Immanuel’s GROUND

Warwick's West Gallery Quire



Immanuel's Ground, help to recreate the life and times of the old church quires and bands as they sang and played both in church and in their weekday activities. They mainly do this through

They include both secular and sacred music from about 1700 up until 1850, together with regional history and quotations, which help to paint a lively picture of the life and times of both village and town environs.

Individual requirements for concerts and services always need discussing beforehand, so please do contact us to discuss your needs and preferences.

Angel from a window in All Saints, Cheltenham,
where we held a Carol Concert in 2009.


Concerts are usually scripted with the concert venue in mind and include, where appropriate, psalms, hymns, anthems, carols, glees and other secular music of the time. We try always to include one or two items for audience participation. In particular, themes for these concerts may include the following:

  • The Church's Year

  • The Changing Scenes of Life

  • Going the Rounds

  • Rumpus, Riot & Rebellion

  • Thomas Hardy

  • Admiral, Lord Nelson

  • In time of War

  • Harvest

  • July 4th

  • The Georgian Village Quire

  • Carols and Christmas readings

  • Other, see below

Usually concerts are of about 90 - 100 minutes duration, excluding interval time, but this can be shortened to suit the occasion.


Immanuel's Ground are happy to run west gallery workshops, either on their own or in conjunction with a church service, (Evensong or Carols), or in the case of SingBirmingham!, followed by a showcase of the music prepared during the day.

Workshops have recently been given at

  • Bishop's Itchington (carols)

  • St Mary's, Banbury (carols and Evensong)

  • Northgate Methodist Church (Evensong)

  • SingBirmingham! 2007 and 2009 at Moseley, in conjunction with RSCM and WGMA

  • Warwick Folk Festival

American psalmody, or Sacred Harp / shapenote music, can also be workshopped, either alone or with Babylon Lane, who specialise in this form of psalmody.

Workshops usually start in the late morning with breaks for lunch and tea, and will include the necessary music for a west gallery service or concert, transposed parts being available. Woodwinds and strings are the most suitable instruments, with light brass only, not heavy bass instruments. Accordions, melodeons, keyboards and guitars are not suitable. Hopefully instrumentalists will be Grade IV or above, unless they are used to playing as part of an ensemble.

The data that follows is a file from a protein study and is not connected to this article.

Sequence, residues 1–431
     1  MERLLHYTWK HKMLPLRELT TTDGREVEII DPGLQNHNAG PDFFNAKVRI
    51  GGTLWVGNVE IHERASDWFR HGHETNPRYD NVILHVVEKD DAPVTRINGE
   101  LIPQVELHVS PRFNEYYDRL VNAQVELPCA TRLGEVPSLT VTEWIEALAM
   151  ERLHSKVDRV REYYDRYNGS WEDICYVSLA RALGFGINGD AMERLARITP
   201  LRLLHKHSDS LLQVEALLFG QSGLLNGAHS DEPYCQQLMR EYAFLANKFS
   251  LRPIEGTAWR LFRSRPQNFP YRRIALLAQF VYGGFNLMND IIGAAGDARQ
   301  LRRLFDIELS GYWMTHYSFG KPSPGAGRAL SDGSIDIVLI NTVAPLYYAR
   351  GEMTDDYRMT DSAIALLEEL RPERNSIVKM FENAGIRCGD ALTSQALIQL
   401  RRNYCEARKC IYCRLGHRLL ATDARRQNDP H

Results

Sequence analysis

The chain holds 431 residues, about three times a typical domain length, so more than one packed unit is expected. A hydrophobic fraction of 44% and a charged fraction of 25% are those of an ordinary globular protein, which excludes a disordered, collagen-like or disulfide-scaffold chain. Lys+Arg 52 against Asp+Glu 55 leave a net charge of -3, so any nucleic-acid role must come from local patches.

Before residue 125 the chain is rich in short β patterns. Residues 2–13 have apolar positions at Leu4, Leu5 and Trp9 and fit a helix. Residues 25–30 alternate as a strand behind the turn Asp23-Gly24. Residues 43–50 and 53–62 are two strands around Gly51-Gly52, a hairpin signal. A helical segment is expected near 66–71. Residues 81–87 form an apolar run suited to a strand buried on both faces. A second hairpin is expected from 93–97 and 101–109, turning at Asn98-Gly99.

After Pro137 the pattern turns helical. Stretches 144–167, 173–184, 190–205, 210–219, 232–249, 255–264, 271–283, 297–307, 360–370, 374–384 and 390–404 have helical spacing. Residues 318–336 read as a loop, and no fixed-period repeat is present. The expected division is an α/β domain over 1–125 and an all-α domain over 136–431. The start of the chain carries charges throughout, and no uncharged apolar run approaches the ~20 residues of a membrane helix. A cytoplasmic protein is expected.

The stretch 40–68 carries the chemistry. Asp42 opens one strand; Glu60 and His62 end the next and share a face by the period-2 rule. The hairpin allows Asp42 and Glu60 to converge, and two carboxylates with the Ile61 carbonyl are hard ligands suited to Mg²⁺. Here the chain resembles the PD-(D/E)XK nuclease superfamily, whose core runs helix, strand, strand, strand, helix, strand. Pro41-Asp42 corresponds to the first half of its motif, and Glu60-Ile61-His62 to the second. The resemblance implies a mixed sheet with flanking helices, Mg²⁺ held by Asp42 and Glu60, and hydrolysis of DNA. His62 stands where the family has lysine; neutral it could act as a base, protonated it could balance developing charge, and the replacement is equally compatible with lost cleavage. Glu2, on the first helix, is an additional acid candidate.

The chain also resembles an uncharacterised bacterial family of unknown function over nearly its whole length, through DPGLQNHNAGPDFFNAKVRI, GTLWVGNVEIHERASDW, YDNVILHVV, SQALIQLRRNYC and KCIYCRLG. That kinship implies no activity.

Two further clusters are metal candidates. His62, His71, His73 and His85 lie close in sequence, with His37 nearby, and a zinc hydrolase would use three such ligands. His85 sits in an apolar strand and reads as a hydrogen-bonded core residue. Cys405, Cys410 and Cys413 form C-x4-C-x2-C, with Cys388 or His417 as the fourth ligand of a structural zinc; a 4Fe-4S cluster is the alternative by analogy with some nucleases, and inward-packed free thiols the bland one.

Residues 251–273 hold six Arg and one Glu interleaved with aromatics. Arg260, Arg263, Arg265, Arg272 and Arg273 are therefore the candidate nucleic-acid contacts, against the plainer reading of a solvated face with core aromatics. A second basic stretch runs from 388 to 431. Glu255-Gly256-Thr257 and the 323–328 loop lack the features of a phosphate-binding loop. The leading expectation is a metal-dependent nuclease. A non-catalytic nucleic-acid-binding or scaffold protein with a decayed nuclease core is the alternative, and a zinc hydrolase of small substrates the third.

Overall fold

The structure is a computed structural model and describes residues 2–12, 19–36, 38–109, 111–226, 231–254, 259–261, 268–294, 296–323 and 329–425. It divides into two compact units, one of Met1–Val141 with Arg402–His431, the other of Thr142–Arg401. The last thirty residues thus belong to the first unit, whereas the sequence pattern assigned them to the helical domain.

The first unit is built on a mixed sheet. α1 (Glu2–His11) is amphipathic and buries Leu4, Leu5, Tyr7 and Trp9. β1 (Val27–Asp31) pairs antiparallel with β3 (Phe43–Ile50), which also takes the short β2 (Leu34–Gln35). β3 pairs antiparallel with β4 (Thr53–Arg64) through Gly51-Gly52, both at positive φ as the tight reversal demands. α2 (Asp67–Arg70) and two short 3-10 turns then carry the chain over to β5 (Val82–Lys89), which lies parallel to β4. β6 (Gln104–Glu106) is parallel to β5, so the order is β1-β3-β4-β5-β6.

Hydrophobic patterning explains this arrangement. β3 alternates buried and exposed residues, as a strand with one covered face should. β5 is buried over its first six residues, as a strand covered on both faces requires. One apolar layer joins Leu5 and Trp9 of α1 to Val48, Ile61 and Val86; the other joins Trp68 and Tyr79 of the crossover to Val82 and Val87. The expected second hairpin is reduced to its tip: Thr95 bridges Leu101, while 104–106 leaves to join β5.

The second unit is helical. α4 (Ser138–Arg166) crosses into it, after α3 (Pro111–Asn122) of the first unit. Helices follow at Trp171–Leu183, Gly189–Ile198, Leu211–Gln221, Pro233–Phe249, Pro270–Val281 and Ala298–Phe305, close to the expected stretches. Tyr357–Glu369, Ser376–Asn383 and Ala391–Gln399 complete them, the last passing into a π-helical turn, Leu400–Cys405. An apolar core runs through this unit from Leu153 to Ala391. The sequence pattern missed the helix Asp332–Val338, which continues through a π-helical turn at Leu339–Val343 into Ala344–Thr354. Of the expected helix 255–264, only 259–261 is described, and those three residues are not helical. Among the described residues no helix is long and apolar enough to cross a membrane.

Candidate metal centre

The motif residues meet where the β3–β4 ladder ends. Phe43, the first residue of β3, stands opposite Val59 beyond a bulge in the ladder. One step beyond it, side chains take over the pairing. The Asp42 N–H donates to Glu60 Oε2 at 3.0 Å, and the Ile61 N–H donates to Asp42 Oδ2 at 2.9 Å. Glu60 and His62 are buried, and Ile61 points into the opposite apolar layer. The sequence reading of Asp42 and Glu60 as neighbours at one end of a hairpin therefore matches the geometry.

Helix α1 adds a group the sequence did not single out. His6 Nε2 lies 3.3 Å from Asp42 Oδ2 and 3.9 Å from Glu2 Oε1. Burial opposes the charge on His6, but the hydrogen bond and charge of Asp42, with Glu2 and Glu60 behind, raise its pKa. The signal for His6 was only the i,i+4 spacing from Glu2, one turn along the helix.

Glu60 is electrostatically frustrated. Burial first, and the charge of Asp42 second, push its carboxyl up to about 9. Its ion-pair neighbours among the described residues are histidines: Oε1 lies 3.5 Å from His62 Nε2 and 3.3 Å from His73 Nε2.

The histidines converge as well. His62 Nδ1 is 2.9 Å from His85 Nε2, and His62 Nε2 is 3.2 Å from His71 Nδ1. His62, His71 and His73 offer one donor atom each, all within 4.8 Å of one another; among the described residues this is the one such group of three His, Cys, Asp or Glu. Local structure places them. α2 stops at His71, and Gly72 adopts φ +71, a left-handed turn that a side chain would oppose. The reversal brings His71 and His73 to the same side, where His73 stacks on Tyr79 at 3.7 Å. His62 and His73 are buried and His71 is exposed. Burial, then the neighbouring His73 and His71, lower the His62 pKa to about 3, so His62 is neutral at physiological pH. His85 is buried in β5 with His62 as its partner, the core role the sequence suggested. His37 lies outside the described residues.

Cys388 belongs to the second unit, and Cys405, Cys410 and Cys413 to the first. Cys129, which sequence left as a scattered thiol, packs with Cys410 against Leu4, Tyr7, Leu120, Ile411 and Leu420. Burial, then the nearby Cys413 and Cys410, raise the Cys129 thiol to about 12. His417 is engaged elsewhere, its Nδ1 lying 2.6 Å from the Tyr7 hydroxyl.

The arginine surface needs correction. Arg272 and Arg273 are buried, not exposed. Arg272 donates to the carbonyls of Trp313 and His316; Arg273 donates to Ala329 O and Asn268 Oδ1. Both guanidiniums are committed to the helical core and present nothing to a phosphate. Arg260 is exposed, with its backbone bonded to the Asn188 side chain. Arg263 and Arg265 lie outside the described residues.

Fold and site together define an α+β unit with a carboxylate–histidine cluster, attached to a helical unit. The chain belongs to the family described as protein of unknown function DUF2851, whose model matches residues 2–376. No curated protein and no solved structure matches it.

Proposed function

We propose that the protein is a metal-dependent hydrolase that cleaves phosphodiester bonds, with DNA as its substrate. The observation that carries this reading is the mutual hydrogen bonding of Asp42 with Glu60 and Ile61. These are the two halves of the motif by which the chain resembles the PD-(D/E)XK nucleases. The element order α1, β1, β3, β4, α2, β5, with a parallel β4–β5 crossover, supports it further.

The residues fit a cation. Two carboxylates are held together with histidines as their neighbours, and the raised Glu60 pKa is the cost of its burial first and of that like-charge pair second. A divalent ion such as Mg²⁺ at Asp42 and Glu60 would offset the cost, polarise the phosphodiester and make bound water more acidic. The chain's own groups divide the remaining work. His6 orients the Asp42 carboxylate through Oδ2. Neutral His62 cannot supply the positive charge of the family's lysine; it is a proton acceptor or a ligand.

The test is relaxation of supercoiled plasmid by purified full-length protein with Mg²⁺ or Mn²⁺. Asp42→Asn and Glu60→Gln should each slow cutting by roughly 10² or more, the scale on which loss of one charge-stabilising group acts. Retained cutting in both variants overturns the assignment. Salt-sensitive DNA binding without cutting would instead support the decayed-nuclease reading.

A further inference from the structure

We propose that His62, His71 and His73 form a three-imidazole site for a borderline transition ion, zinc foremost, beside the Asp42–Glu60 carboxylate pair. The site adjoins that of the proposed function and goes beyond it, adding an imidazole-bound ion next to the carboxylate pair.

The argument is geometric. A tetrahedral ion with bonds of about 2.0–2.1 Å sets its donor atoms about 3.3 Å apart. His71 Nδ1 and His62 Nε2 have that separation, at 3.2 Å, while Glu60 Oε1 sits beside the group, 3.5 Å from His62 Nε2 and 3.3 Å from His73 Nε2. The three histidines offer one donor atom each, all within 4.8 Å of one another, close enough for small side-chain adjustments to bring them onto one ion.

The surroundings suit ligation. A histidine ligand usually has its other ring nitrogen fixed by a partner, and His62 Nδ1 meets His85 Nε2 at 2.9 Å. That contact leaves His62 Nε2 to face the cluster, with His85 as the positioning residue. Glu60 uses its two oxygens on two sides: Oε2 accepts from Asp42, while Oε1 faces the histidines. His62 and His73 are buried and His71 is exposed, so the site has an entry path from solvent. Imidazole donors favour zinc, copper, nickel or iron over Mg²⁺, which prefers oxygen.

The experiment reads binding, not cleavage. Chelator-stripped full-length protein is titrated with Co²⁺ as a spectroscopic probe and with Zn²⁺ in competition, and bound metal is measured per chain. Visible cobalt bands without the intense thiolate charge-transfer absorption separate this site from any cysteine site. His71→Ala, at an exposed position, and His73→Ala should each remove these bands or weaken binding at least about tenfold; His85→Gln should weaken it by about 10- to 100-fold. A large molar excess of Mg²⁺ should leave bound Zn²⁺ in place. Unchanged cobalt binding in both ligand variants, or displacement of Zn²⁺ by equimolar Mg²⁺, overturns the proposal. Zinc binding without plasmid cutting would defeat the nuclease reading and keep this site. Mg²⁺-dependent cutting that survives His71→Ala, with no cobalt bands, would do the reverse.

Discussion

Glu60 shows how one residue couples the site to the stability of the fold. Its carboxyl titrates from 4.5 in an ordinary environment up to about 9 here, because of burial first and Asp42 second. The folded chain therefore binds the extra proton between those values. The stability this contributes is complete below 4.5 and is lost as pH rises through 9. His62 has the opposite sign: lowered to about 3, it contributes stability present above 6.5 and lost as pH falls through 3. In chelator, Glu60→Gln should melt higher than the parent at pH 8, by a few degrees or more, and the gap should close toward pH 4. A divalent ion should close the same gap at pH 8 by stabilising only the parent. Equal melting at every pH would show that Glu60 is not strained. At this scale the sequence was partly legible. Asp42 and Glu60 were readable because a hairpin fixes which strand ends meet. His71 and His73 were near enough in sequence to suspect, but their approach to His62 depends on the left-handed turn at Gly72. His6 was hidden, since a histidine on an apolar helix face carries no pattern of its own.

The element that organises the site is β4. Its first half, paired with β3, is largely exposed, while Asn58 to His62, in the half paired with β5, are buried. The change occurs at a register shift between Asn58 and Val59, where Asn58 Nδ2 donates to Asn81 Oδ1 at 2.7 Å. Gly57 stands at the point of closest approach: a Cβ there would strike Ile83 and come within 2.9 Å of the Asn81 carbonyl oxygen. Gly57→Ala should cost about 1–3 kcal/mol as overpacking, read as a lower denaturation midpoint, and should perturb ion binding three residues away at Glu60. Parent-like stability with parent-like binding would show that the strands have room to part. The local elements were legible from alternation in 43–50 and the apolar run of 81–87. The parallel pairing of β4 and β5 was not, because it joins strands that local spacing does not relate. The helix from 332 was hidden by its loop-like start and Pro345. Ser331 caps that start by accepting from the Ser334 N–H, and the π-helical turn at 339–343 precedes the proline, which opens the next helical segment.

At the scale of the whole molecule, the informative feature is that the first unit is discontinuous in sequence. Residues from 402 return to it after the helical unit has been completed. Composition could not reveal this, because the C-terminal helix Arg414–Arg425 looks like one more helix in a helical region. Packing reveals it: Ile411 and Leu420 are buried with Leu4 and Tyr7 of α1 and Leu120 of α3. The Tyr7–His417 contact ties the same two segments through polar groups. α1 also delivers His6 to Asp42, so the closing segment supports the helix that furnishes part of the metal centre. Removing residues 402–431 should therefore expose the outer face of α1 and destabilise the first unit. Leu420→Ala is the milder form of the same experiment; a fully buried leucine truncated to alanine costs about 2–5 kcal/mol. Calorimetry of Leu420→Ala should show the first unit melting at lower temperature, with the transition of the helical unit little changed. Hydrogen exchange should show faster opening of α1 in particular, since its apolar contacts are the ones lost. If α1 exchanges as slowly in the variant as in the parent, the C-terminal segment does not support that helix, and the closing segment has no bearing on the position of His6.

Folk Festival workshops are usually about 90 minutes in length, accompanied by instruments and singers.

Church services in the West Gallery style

Every church service is different in approach and content, although most commonly from a west gallery point of view based on the Book of common Prayer. Music includes either metrical settings of the Palms and Canticles, the latter also through-composed by local composers, as well as hymns for congregational use. Please do contact us to discuss your needs and preferences.

  • Evensongs
    These services are especially suitable for country churches (the music was specifically written for 'country quires'), and are also useful for Deanery services, and Patronal Festivals.  We have taken part in a number of parish Celebrations to which Bishops have been invited,  and we are, of course, always delighted to share the music with whomsoever is officiating.

  • Weddings

  • Harvest Festivals

  • Carol Services

  • Non-liturgical services

Other performances and concerts we have carried out:

  • Harvest Suppers

  • American Psalmody Evenings

  • Bromsgrove Proms

  • Black Country Museum

  • Cogges Manor Farm, Witney

  • Filming at Wolfhamcote, Warks.

Our repertoire
includes west gallery carols, together with the best known psalm and hymn tunes in the West Gallery repertoire. It also includes music by local composers and quire masters, such as William Perry, organist and quiremaster at the Congregational Church, Brook Street, Warwick; Joseph Key of Warwick and Nuneaton, whose Psalms and Anthems stem from an earlier part of the west gallery period; John Hill, also of the same period as Joseph Key, who started his musical life at Lydd in Kent, but who moved to Rugby where much of his music was written; William Tans'ur, baptised 1706 in Dunchurch; and Joseph Watts of Fenny Compton, who was one of the earliest local composers to use fuguing tunes.  Works by newly discovered composers from just over the border in Oxfordshire, Amram Taylor of Ambrosden, nr. Bicester, and Francis Saunders of Thame, were included in the 2006 Mid-Shires' Quires' Day at Byfield, together with more favourites from the composer Thomas Jarman, from Clipstone in Northamptonshire.  Read more about these composers and their music here.

Recent additions to the repertoire comprise a growing number of Psalms from the Shape-note tradition in America, notably the early New England composers such as Daniel Read and William Billings.